California

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Working at a minimum

By Michelle Durand
Daily Journal , Oct 18 2006


The bare minimum.

Governor was right to increase minimum wage

Op-ed by Martin Bennett
Napa Valley Register, Sep 4 2006
This Labor Day, we should commend Gov. Schwarzenegger for supporting an increase of the state minimum wage from $6.75 to $8 an hour by 2008. Wealth and income inequalities have reached levels not experienced in California since the 1930s. Raising the minimum wage can ease problems such inequities create.

It's criminal what Congress has done to the working poor

Editorial by DICK MEISTER
San Francisco Bay Guardian, Aug 15 2006
OPINION Congress's Republican leaders belong in prison. They have openly violated one of our most basic laws, the 68-year-old Fair Labor Standards Act. It requires Congress to set the minimum wage high enough to guarantee a standard of living necessary for health, efficiency, and general well-being.

The current rate of $5.15 an hour comes nowhere near to doing that. Even those who manage to work full-time make only $10,700 a year - $206 a week or about $900 a month, minus taxes and other deductions.

Minimum wage bills approved Governor opposes automatic increases for state's workers

By Matthew Yi
San Francisco Chronicle, Jun 2 2006

(06-02) 04:00 PDT Sacramento -- Plans to increase the minimum wage and a bill aimed at deregulating the cable television industry in California advanced this week in the state Legislature.

Ventura Passes a Living Wage Ordinance

By Catherine Saillant
Los Angeles Times, May 17 2006
Advocates for the working poor didn't get very far when they tried to pass a minimum-wage ordinance in Ventura five years ago. Yet this week, the Ventura City Council voted unanimously to enact just such a law.

This time, the Ventura Chamber of Commerce signed on, as did Jim Monahan, the City Council's staunchest pro-business member.

IMMIGRANT FAMILY FIGHTS BACK AGAINST EMPLOYER ABUSE AND ICE RAID IN SAN FRANCISCO

By Young Workers United
Young Workers United, May 17 2006
Sonia Cano and Carlos Barrancos worked hard to support themselves and to start their young family. However, when Sonia Cano stood up for her right to be paid the SF minimum wage and overtime from her abusive employer, Si Senor Taqueria owners did everything they could to tear apart this young family. As Sonia was in her ninth month of pregnancy, some Si Senor owners called the Immigration and Customs Enforcement (ICE).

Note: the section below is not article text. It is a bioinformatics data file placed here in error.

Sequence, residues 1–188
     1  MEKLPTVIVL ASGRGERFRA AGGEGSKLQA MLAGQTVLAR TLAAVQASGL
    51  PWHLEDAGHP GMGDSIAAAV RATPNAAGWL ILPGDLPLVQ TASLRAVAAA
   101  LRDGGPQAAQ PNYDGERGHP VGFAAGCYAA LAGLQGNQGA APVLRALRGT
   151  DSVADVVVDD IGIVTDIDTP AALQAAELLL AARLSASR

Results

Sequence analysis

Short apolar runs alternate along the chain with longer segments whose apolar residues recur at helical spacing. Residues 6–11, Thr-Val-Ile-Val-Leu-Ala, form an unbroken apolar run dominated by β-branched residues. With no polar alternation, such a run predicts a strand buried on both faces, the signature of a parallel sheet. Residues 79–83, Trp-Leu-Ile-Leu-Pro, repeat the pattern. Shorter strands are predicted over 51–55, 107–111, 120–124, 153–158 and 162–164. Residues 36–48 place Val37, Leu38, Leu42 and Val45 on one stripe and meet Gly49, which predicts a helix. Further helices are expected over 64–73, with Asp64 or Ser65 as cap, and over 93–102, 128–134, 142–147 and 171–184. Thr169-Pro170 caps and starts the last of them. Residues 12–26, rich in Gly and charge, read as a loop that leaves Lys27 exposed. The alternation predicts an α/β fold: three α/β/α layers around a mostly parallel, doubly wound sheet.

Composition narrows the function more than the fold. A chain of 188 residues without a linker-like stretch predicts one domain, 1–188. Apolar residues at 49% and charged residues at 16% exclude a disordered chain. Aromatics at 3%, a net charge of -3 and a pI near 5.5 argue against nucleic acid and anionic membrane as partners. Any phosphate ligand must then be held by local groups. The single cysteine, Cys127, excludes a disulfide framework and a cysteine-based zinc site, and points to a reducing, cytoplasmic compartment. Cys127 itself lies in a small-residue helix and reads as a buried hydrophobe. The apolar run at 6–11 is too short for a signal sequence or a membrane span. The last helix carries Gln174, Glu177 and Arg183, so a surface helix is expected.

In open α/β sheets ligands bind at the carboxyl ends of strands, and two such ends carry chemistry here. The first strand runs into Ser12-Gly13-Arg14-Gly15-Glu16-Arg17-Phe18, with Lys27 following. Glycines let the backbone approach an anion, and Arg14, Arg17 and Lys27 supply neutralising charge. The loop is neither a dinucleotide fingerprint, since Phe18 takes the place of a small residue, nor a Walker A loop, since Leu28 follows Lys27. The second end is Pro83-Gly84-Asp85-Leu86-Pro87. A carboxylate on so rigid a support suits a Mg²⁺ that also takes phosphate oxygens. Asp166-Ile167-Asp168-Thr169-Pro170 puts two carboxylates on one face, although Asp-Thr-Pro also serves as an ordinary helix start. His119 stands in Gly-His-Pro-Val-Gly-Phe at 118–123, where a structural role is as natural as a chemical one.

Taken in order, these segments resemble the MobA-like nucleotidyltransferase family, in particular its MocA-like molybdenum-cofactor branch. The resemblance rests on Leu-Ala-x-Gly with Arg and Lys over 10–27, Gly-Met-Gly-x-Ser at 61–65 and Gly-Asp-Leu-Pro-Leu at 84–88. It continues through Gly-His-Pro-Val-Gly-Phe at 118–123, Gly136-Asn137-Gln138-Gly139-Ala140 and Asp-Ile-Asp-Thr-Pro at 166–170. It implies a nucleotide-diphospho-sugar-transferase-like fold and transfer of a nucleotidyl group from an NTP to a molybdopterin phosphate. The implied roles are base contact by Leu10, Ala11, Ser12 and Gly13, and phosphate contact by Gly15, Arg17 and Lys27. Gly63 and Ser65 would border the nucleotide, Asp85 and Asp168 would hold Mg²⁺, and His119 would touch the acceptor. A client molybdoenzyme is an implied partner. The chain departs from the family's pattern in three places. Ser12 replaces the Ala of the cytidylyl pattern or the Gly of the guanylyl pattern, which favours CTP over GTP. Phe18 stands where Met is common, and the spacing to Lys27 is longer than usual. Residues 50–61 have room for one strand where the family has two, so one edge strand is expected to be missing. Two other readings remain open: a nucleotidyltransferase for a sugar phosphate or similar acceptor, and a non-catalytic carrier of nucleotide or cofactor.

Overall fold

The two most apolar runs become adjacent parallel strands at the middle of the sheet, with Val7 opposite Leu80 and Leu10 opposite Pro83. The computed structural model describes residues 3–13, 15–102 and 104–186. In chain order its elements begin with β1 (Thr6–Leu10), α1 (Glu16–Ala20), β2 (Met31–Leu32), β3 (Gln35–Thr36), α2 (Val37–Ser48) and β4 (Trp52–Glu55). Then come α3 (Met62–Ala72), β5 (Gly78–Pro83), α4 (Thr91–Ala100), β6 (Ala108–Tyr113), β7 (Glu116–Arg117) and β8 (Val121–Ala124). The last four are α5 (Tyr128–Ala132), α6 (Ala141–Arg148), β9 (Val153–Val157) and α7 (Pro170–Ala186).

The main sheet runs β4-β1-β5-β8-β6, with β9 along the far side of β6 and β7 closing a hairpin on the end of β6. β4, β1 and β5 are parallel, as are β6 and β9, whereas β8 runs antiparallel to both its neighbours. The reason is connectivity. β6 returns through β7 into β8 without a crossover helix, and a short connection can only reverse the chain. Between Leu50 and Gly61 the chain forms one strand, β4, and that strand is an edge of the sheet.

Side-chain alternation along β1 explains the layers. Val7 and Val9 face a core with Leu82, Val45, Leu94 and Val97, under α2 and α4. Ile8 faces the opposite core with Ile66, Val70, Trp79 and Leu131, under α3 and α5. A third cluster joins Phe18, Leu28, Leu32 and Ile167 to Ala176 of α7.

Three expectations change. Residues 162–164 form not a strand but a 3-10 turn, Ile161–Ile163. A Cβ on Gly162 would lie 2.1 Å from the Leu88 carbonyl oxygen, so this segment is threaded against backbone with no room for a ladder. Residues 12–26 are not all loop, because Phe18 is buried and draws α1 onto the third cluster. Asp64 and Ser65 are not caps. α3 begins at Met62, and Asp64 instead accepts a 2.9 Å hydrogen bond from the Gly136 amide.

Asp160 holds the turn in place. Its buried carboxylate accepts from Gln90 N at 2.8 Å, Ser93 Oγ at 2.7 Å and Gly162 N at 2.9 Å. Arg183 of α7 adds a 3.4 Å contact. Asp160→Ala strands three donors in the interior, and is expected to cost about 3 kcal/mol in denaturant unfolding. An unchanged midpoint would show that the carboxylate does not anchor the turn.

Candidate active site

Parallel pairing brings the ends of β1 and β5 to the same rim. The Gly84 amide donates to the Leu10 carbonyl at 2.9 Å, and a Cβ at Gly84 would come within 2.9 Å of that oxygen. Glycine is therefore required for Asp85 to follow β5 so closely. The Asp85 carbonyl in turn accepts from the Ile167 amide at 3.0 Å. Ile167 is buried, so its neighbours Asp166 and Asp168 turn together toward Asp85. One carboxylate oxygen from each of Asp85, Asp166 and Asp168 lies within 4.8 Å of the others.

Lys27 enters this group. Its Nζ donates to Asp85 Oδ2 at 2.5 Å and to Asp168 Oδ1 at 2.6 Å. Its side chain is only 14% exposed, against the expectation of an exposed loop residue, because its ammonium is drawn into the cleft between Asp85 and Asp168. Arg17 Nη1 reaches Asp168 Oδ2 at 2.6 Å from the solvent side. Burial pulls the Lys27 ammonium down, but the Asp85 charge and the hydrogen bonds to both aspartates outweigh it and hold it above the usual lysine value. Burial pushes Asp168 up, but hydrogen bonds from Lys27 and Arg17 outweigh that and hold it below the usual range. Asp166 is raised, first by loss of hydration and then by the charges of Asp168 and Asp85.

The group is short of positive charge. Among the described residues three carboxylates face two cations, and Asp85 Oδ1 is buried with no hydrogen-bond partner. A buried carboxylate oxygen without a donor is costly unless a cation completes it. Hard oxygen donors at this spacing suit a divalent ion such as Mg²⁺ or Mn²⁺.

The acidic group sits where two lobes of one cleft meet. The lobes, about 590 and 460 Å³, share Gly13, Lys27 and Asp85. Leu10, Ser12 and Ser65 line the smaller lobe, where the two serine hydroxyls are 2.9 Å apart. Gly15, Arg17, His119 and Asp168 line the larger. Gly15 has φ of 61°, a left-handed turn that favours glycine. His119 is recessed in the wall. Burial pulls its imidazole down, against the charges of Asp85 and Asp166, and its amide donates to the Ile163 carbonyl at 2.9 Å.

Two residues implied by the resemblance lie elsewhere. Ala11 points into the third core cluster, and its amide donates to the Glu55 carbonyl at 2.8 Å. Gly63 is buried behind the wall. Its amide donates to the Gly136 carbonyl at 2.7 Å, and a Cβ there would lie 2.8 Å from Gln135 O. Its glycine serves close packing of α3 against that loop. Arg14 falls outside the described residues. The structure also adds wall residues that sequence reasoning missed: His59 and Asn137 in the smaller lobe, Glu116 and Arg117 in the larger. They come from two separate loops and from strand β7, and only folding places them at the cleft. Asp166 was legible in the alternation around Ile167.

Working to keep homelessness at bay, part 5

By Jerome Gagnon
San Francisco Chronicle, May 17 2006
According to a study conducted by the National Low-Income Housing Coalition, 2005 was the first year on record "that a full-time worker at minimum wage could not afford a one-bedroom apartment anywhere in the country at average market rates." While approximately 200,000 rental units for low-income individuals are lost each year because of gentrification or deterioration, only about 100,000 are being replaced, according to another study. For full text, click link below

Doubtful Reasoning By Columnist

Letter to the Editor
By Vic Yellow Hawk White
Assistant director AFSC-PMRO
Central Valley Office, Woodland
Daily Democrat , May 3 2006
While presented as "A Minority View" the prominence of the commentary by Walter Williams recently demands a reply. While I won't dispute the citations he has quoted I do intend to cast doubt on his reasoning.

If productivity were the measure of economic benefit you would not see "golden parachutes" (high severance pay for failed chief executive officers). Were the world's economies a level playing field it might be possible to use a one method approach.

How to up the minimum

By BRIAN JOSEPH
2006 Orange County Register, Apr 1 2006

SACRAMENTO – Francisca Rodriguez can't imagine life on the minimum wage. She's struggling enough 50 cents above it.

The Santa Ana mother supports four children and a sick husband on $7.25 an hour cleaning offices in Huntington Beach. For a family that size, $75,000 a year is considered low income in Orange County. Rodriguez earns $15,000.

"Everything is pretty much difficult to buy, even the most basic things," the 37-year-old said. "There's so many sacrifices I have to make."

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